(461a) Exploring the Nature of Active Sites in Cu-Exchanged SSZ-13 Under Realistic Conditions

Authors: 
Göltl, F., UW Madison
Sautet, P., University of California Los Angeles
Hermans, I., University of Wisconsin-Madison

Cu exchanged SSZ-13 is one of the most promising catalysts in the
selective catalytic reduction of NOx using ammonia. However, the true
nature of the active sites under realistic conditions (i.e. finite
temperature and presence of water) is still not fully understood. In
this work we explore these effects using ab-initio molecular dynamics
calculations and thermodynamic analysis.

A key technique in understanding the chemical activity of transition
metal centers in zeolites is infrared spectroscopy of adsorbed tracer
molecules. In this work we model vibrational spectra of CO adsorbed to
Cu(I) sites and NO adsorbed to Cu(II) sites in SSZ-13 using molecular
dynamics calculations. For both cases finite temperature induces a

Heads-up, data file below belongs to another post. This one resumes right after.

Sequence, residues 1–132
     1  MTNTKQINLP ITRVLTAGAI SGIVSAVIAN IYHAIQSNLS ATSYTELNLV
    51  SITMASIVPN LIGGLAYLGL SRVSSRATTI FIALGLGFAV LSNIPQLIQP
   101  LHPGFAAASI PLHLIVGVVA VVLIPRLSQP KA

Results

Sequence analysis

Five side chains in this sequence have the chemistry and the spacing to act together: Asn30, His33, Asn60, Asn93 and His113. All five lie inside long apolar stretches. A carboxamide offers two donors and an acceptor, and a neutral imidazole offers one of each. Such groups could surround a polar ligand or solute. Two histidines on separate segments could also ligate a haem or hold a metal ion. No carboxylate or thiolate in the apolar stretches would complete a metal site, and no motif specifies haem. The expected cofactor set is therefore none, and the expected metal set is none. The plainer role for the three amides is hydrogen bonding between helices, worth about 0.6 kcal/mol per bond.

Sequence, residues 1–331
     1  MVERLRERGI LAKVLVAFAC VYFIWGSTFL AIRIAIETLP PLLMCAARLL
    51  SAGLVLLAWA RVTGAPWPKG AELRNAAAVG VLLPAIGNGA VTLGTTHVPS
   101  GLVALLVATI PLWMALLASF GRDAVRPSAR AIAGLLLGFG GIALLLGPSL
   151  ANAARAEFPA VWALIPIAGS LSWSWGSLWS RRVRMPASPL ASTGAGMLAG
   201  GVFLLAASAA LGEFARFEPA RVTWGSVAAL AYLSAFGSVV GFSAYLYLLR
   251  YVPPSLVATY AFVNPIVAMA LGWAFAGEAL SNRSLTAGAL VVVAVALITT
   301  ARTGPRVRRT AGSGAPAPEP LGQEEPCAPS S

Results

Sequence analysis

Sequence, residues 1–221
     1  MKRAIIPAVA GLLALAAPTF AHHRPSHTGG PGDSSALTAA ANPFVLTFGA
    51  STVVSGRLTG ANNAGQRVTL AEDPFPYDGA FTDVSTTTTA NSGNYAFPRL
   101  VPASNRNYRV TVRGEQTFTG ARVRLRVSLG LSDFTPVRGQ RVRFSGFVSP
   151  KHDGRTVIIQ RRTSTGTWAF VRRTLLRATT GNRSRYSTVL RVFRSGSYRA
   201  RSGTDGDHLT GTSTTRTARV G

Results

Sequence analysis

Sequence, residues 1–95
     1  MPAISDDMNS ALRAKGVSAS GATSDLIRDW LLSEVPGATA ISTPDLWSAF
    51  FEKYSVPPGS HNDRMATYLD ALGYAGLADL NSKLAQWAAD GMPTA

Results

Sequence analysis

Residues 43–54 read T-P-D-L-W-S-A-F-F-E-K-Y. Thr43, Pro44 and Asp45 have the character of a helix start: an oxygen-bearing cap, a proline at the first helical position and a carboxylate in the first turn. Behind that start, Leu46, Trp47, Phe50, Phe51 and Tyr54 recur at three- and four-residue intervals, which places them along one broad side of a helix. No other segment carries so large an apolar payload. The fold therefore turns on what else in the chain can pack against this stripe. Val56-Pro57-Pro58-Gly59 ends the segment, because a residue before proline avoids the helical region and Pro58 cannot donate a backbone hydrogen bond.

movement of the cation. For NO, changes in the Cu-N-O angle lead to
additional accessible local minima. A combination of those two
phenomena leads to complex multi-peak vibrational spectra for one
molecule adsorbed to one active site, which then allows a clear
assignment of experiment and the identification of the distribution of
active sites present in realistic systems. Linking this distribution
to experimental activity measurements furthermore allows the
identification of active and inactive species for the given reaction.

Under realistic conditions also water is present, which leads to a
reconstruction of the active sites. We use thermodynamic analysis to
imitate realistic conditions. Interestingly not all active sites
reconstruct similarly, i.e. not the same amount of water molecules are
adsorbed to them under the same conditions. This allows closely
reproducing experimentally observed Cu-O vibrations and their
variation with hydration.

The results in this work suggest that under reaction conditions Cu
cations are hydrated and finite temperature leads to regular changes
of coordination. We expect that these two effects lead to significant
changes for reaction paths and barriers, which explains the
experimentally observed catalytic behavior.